A BLOG ABOUT SCIENCE IN A WORLD OF UNTRUE FACTS

When you can never be wrong: the unfalsifiable hypothesis

By Kristen Panthagani, PhD

If there was one single scientific concept I could teach everyone in the country right now it would be this: what is an unfalsifiable hypothesis, and why do they confuse everyone.

This concept alone explains a lot of the confusion and conspiracy theories around the COVID pandemic… why many still insist that Bill Gates was involved in planning the pandemic or that there are microchips in vaccines. 

What is a hypothesis?

Before we get to unfalsifiable hypotheses, let’s start with what a hypothesis is. In very simple terms, a hypothesis is a tentative explanation that needs to be tested. It’s an idea formed on the available evidence that is maybe true, but still needs to be explored and verified. For example, at the beginning of the pandemic, many had the hypothesis that hydroxychloroquine is an effective treatment for COVID.  

Hypotheses are the jumping off points of scientific experiments. They define what question we want to test. And that brings us to one of the most important qualities of a valid scientific hypothesis: they must actually be testable. Or said another way, they must be falsifiable.

What is a falsifiable hypothesis?

What does it mean for a hypothesis to be falsifiable? It means that we can actually design an experiment to test if it’s wrong (false). For a hypothesis to be falsifiable, we must be able to design a test that provides us with one of three possible outcomes:

1. the results support the hypothesis,* or

2. the results are inconclusive, or 

3. the results reject the hypothesis. 

When the results reject our hypothesis, it tells us our hypothesis is wrong, and we move on.

*If we want to be nitpicky, instead of saying the results ‘support’ our hypothesis we should really say ‘the results fail to disprove our hypothesis.’ But, that’s beyond the scope of what you need to know for this post.

When the results reject our hypothesis, it tells us our hypothesis is wrong, and we move on.

That is the hallmark of a falsifiable hypothesis: you can find out when you’re wrong. So then, what is an unfalsifiable hypothesis? It is a hypothesis that is impossible to disprove. And it is not impossible to disprove because it’s correct, it’s impossible to disprove because there is no way to conclusively test it. For unfalsifiable hypotheses, every test you run will come up with not three, but two possible outcomes: 

1. the results support the hypothesis or

2. the results are inconclusive. 

Results reject the hypothesis‘  is missing. No amount of testing will ever lead to data that conclusively rejects the hypothesis, even if the hypothesis is completely wrong.

For unfalsifiable hypotheses that happen to be true (i.e. love exists), this is not a huge issue, because it’s usually pretty obvious that they’re right, despite their unfalsifiability. The problem arises for unfalsifiable hypotheses that are more tenuous claims.

In these cases, people may deeply believe they’re right, in part, because it is impossible to find conclusive evidence that they’re wrong.  Every time they try to test if their claim is true, they only find inconclusive evidence. And again, this is not because the hypothesis is correct, it’s because the hypothesis is set up in a way where a definitive “no that’s wrong” is impossible to find. A great example is the hypothesis that there are microchips in the vaccines. You could say ‘well just look in one and see if it’s there!’ And somebody checks and finds no microchip. End of story? Well no.. someone could argue ‘well the microchips are just too small to detect!’ or ‘They will know to take it out of the vials before they are scanned!’ Excuses are made so that the negative results are no longer negative results, but instead are inconclusive. Thus every possible result from any test we do can be deemed inconclusive by those who believe the hypothesis is correct. This makes the hypothesis, for the sake of the people who believe in it, unfalsifiable. This is why conspiracy theories are so hard to debunk… many of them are unfalsifiable hypotheses.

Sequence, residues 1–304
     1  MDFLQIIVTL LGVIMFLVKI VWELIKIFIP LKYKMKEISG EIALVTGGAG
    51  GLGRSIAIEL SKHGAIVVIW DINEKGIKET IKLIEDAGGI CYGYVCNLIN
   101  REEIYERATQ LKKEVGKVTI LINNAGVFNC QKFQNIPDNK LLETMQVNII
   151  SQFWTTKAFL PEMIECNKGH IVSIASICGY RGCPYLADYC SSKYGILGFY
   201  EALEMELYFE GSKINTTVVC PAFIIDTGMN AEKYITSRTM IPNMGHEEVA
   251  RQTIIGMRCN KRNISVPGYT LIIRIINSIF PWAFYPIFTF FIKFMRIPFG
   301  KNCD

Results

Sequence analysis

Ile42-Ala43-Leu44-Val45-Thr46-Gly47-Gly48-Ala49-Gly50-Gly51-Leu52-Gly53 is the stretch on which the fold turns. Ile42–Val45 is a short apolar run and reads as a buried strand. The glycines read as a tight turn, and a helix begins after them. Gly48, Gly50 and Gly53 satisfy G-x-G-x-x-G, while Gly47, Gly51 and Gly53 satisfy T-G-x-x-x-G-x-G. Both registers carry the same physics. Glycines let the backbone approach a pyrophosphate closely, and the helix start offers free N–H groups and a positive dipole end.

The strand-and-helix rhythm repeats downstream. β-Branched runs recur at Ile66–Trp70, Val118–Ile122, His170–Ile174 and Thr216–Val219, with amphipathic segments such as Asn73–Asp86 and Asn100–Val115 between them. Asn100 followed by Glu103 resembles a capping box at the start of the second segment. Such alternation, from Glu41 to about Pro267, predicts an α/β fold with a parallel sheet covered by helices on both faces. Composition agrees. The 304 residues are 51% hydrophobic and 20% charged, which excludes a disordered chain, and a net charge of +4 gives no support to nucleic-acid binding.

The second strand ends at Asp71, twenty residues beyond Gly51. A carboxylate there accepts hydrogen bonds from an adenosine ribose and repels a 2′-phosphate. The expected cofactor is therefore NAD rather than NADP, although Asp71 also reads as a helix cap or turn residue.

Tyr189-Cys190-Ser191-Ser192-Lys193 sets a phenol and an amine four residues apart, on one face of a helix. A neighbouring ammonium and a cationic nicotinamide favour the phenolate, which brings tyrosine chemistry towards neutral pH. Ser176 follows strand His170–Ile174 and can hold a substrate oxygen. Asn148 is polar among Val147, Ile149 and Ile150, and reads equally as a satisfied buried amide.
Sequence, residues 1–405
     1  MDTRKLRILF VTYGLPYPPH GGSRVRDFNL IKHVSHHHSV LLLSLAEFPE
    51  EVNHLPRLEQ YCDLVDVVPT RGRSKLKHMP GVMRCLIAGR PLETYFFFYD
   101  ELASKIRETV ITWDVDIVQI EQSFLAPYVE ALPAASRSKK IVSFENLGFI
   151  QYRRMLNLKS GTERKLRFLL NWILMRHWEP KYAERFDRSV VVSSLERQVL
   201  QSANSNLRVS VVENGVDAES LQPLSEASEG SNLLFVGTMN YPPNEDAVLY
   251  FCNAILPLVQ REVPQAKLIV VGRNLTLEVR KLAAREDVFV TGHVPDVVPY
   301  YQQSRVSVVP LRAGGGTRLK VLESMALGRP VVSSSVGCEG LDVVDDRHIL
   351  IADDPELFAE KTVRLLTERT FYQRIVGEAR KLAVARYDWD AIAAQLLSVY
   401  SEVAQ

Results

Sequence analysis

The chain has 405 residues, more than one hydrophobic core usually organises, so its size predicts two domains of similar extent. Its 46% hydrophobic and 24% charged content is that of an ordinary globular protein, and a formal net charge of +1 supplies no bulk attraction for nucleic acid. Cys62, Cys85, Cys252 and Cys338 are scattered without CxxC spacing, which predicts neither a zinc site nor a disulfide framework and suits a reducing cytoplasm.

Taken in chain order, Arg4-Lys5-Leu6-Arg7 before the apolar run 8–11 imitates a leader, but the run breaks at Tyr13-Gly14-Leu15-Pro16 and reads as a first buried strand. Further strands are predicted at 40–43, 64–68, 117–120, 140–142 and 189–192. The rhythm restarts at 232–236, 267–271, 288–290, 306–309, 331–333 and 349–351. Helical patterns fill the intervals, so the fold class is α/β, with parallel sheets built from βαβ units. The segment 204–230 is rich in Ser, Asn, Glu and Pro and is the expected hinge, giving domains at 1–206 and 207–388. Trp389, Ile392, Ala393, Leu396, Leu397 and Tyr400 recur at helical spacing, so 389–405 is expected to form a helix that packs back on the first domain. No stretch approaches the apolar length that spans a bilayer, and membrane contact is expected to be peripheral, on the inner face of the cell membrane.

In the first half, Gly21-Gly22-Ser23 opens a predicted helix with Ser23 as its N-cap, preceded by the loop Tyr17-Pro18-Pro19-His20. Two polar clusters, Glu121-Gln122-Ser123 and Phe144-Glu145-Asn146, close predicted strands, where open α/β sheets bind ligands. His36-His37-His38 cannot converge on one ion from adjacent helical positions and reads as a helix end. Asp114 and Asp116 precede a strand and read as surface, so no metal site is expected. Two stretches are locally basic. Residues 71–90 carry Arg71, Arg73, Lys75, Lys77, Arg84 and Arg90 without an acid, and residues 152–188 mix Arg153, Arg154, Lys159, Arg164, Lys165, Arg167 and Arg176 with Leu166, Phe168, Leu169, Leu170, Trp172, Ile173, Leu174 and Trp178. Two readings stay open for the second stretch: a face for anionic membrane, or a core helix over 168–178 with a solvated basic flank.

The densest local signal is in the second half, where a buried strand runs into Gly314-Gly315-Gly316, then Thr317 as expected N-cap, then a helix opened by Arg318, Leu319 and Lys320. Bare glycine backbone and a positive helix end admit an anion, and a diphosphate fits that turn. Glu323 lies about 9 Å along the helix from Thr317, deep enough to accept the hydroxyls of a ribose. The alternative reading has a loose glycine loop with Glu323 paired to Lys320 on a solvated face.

Why do these trap people so effectively? Two reasons. First, for a believer of the hypothesis, all they see is inconclusive data (which they can usually make fit their narrative). They never see any data disproving it, so it makes it easy for them to believe they’re right. And second, because it’s impossible to conclusively disprove it, we can’t go and… conclusively disprove it. This makes it easy for people to stay trapped in an unfalsifiable hypothesis they want to believe in, even when it’s 100% wrong.

So how do you know if you’ve been trapped into believing an unfalsifiable hypothesis? Ask yourself… how would I know if this was false? What evidence would come forward that would convince me? If the answer is ‘well, I’m waiting for the results of this study to decide‘ or ‘I’m waiting for the outcome of this particular event to know,’ then that suggests you’re not trapped in an unfalsifiable hypothesis, as you are open to actual evidence showing you that you’re wrong. (But, only if you do actually change your mind if that evidence fails to support your hypothesis, rather than finding an excuse why that event or evidence doesn’t actually disprove it.)

But, if the answer relies not on specific events or outcomes but primarily on the opinion of other believers, then you may be trapped in an unfalsifiable hypothesis, because that isn’t evidence… it’s just group think.

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